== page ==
Great summer warm-water fish action

Fish species like yellow perch and rock bass just don’t get the attention as much as our beloved salmon, but I will often sneak away to my favorite lakes for these fine tasting fish.

WDFW BIOLOGIST AND HARDCORE ANGLER DANNY GARRETT SHOWS OFF A NICE STRINGER OF LAKE WASHINGTON YELLOW PERCH. (MARK YUASA, NMTA)

The cool thing about this fishery is that you can easily catch them from the shore or boat, and Lake Washington – which is 20 miles long and covers more than 22,000 acres – is excellent for yellow perch, rock bass as well as many other fish species.

The yellow perch population is one of the most prolific and are extremely easy to find and catch. It’s peak time right now as the water temperature heats up making them very active all-day long.

Look for schools of yellow perch in shallow water, 15 to 35 feet, and close to the shoreline. They will school up in shaded locations just outside the cover of weed beds, milfoil, aquatic weeds and lily pads or under docks, piers and overhanging trees and brush.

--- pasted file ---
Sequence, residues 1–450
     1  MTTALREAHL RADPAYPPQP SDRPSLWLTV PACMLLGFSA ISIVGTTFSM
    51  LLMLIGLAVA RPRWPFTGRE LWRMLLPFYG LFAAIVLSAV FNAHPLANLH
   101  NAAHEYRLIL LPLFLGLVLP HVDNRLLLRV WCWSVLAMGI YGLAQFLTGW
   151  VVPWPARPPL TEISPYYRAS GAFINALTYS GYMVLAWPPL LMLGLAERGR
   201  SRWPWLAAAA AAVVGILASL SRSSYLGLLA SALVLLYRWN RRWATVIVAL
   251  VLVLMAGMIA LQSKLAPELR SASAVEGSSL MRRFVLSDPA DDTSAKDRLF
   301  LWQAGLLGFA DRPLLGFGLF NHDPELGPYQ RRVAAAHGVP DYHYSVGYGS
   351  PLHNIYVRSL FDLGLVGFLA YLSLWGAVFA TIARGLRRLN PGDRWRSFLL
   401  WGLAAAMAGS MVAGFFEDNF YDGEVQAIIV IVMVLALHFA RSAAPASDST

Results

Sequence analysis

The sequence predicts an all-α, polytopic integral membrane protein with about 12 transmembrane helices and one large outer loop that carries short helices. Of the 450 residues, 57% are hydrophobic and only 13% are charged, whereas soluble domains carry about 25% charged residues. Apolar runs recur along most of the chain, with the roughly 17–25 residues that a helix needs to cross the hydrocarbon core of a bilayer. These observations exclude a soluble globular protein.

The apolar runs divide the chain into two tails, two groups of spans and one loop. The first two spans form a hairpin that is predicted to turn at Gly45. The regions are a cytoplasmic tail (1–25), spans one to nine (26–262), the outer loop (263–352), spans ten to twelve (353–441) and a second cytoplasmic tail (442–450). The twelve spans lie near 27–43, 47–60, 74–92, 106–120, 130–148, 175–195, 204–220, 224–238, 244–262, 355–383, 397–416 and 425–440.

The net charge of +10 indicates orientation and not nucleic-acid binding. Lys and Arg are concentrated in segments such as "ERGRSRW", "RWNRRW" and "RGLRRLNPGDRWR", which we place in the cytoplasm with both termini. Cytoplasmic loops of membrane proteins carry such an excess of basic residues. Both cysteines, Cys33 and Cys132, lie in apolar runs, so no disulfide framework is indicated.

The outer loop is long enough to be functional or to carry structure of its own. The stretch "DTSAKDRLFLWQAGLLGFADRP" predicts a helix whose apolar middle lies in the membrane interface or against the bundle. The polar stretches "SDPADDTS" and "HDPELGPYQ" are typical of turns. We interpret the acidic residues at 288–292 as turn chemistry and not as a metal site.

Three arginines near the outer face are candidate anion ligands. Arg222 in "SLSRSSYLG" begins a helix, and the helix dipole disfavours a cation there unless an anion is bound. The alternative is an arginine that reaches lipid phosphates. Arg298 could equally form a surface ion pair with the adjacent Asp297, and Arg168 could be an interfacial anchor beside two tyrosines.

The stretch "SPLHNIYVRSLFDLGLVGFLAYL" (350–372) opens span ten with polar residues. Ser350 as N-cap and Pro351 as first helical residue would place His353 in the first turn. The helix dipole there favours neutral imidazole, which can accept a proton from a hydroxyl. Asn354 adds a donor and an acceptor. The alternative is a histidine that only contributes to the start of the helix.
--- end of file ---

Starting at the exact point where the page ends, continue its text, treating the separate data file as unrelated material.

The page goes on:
Target Seward Park; Montlake Cut; Newport Canal; Newport Shores; Kenmore log boom and pier; Juanita Bay; Magnuson Park shoreline; Andrews Bay; Newport area and slough; Webster Point in Union Bay; Yarrow Bay in Kirkland; Gene Coulon Park in Renton; Mercer Island near Luther Burbank Park; and in South Seattle off Leschi Park, Madison Park, Stan Sayres Pits and Mount Baker Park. Lake Union around Gasworks Park and other areas are good spots too!

A simple light-to-medium-action trout fishing rod and spinning reel loaded with 4- to 6-pound line on a drop-shot (egg-style) weight attached to a three-way swivel is the “go to” tackle. Baits of choice are worms, maggots or a skirted crappie jig. Once you catch your first perch cut a small chunk of the meat or even a perch eyeball, which works great as bait.

Other lakes to target perch are Sammamish; Kapowsin; Sawyer; Goodwin; Steven; American; Angle; Desire; Meridian; Samish; Whatcom; and Bosworth. The WDFW website offers a wealth of information at http://wdfw.wa.gov/fishing/washington/Species/1849/.

Word on NW Salmon Derby Series